Treating the Dead Well

Written by Stephen Rainey

What happens after we die? This might be taken as an eschatological question, seeking some explanation or reassurance around the destiny of an immortal soul or some such vital element of our very being. But there is another sense that has at least as much importance. What should we do with dead bodies?

According to a Yougov survey from 2016, a majority of UK residents prefer cremation over burial, with their ashes scattered in some meaningful place. This could be good news, given the apparent dwindling of burial space globally. In the face of this sort of constraint, the re-use of graves becomes necessary, which can cause distress to the families of even the long dead.

Less commonly, dead bodies can be donated to medical science and put to use for purposes of research and medical training. Research suggests the rate is low owing to ‘non-cognitive factors’ such as ‘the desire to maintain bodily integrity, worries that signing a donor card might ‘jinx’ a person, and medical mistrust.’

Maybe we should think again about how we treat dead bodies. There could come a time when cremation and burial might be considered a waste of resources, given the uses to which cadavers can be put. One body can be used to train many surgeons in complex procedures by being pared into relevant sections – individual limbs, organ systems, brains. Nevertheless, whilst a corpse is indeed a valuable object, it was also previously a subject. The nature of bodies as post-persons does seem to deserve some special consideration. If we can account for this, we might be in a position to recommend very generally why we ought to respect the bodies of the dead. Continue reading

Music Streaming, Hateful Conduct and Censorship

Written by Rebecca Brown

Last month, one of the largest music streaming services in the world, Spotify, announced a new ‘hate content and hateful conduct’ policy. In it, they state that “We believe in openness, diversity, tolerance and respect, and we want to promote those values through music and the creative arts.” They condemn hate content that “expressly and principally promotes, advocates, or incites hatred or violence against a group or individual based on characteristics, including, race, religion, gender identity, sex, ethnicity, nationality, sexual orientation, veteran status, or disability.” Content that is found to fulfil these criteria may be removed from the service, or may cease to be promoted, for example, through playlists and advertisements. Spotify further describe how they will approach “hateful conduct” by artists: 

We don’t censor content because of an artist’s or creator’s behavior, but we want our editorial decisions – what we choose to program – to reflect our values. When an artist or creator does something that is especially harmful or hateful (for example, violence against children and sexual violence), it may affect the ways we work with or support that artist or creator.

An immediate consequence of this policy was the removal from featured playlists of R. Kelly and XXXTentacion, two American R&B artists. Whilst the 20 year old XXXTentacion has had moderate success in the US, R. Kelly is one of the biggest R&B artists in the world. As a result, the decision not to playlist R. Kelly attracted significant attention, including accusations of censorship and racism. Subsequently, Spotify backtracked on their decision, rescinding the section of their policy on hateful conduct and announcing regret for the “vague” language of the policy which “left too many elements open to interpretation.” Consequently, XXXTentacion’s music has reappeared on playlists such as Rap Caviar, although R. Kelly has not (yet) been reinstated. The controversy surrounding R. Kelly and Spotify raises questions about the extent to which commercial organisations, such as music streaming services, should make clear moral expressions.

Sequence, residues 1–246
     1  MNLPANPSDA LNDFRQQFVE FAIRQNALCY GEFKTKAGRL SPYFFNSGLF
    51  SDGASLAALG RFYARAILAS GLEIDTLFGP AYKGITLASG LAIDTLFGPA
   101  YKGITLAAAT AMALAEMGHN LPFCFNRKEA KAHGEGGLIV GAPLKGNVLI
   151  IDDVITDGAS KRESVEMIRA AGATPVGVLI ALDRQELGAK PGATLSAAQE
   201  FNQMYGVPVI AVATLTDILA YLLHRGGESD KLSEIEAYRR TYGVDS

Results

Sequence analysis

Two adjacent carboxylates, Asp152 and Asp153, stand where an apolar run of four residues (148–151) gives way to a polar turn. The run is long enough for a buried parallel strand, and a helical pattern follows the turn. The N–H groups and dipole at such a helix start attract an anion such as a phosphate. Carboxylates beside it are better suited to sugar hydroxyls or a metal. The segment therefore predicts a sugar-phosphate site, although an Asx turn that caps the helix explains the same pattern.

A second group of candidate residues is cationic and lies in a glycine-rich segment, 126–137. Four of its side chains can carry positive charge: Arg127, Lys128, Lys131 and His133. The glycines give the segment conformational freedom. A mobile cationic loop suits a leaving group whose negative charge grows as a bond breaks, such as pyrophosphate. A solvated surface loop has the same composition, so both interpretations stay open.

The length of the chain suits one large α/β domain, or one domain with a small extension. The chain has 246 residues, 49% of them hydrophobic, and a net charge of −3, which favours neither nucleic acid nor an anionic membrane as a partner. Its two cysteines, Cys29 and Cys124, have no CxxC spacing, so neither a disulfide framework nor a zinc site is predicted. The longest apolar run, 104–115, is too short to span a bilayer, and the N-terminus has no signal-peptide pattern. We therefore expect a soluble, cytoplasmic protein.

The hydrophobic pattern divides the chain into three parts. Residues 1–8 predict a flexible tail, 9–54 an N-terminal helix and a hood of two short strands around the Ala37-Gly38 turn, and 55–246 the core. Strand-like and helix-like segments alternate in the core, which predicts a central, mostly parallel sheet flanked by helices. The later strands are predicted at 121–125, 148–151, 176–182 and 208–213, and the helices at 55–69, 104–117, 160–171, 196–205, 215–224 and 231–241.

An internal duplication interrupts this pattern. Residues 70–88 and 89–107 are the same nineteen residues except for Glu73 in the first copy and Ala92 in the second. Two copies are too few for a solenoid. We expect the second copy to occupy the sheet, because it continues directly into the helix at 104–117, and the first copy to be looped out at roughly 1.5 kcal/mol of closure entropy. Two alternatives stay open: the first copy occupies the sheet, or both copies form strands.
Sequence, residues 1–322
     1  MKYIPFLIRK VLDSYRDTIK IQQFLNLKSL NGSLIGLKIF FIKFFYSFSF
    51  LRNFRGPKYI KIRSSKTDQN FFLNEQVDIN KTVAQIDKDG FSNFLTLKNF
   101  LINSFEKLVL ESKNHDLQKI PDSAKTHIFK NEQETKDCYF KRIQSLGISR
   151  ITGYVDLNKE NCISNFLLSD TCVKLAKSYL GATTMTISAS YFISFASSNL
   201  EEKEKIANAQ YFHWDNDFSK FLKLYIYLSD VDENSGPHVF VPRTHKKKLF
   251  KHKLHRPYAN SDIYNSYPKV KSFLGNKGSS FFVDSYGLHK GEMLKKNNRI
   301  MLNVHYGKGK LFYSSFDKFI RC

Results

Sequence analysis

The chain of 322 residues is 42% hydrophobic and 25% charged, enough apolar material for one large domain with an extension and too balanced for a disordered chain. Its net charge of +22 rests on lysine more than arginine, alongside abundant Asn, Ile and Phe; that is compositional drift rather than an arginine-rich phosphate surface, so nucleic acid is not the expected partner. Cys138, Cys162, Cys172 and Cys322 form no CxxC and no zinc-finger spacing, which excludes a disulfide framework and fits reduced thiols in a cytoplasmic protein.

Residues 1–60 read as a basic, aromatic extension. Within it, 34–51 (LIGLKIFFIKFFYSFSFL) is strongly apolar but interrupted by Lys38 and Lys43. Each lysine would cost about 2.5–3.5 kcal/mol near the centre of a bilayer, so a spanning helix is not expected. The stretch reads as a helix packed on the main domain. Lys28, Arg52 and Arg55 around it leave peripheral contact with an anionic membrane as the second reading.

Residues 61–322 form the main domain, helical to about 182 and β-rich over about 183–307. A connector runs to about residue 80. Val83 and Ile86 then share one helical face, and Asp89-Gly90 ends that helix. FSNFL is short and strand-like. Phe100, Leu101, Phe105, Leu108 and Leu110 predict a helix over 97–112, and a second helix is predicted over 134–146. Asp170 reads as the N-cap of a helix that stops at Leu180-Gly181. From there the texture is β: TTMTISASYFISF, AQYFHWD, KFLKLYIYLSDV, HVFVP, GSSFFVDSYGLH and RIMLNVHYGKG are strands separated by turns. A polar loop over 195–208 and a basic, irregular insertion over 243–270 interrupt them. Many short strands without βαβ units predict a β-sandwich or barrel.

Continue reading

Addiction, Desire, and The Polluted Environment – Richard Holton’s 2nd Uehiro Lecture

By Jonathan Pugh

 

In the second of his three Uehiro lectures on the theme of ‘illness and the social self’, Richard Holton turned to the moral questions raised by addiction. In the first half of the lecture, he outlined an account of addictive behaviour according to which addictive substances disrupt the link between wanting and liking. In the second half of the lecture, he discusses the implications of this account for the moral significance of preferences, and for how we might structure environments to avoid triggering addictive desires.

 

You can find a recording of the lecture here

 

Continue reading

Coffee with Colleagues: Caffeine is a “Social” Enhancer

By Nadira Faber

The coffee you are having with your colleagues at a business meeting does more than keep you awake. Many of us know that caffeine can help with alertness and working memory – the first systematic study on caffeine and performance, sponsored by Coca-Cola, was published over 100 years ago. But did you know caffeine can also have “social” effects?

Continue reading

Hell, Damnation, The Royal Wedding, And The Thrashing Of Schoolboys

By Charles Foster

Image: Holly Fisher, a Conservative Christian blogger from West Virginia, posing with gun, Bible, and US flag:  from www.nydailynews.com

There was a near universal consensus that Bishop Michael Curry’s sermon at the wedding of Prince Harry and Meghan Markle was magnificent.  ‘Frock Star’, panted the Sun.  The Bishop ‘stole the show…and is the ‘new Pippa Middleton’’ He left for the US, the Sun continued, ‘leaving Britain still raving about his electrifying sermon.’ The Bishop ‘just stole the show’, said Vox.com ‘Prince Harry and Meghan were all but upstaged by the Episcopal priest’s fiery sermon….You might say Curry just made the Anglican communion great again.’

‘The Rev Michael Curry’, tweeted Ed Miliband, ‘could almost make me a believer, ’ and Piers Morgan tweeted: ‘Wow. Still reeling from Rev Curry. What a moment. What a man!’ The BBC commentator Jeremy Vine said that the preacher was ‘doing 50 in a 30 zone, and it’s brilliant.’ Continue reading

Authors

Subscribe Via Email

Affiliations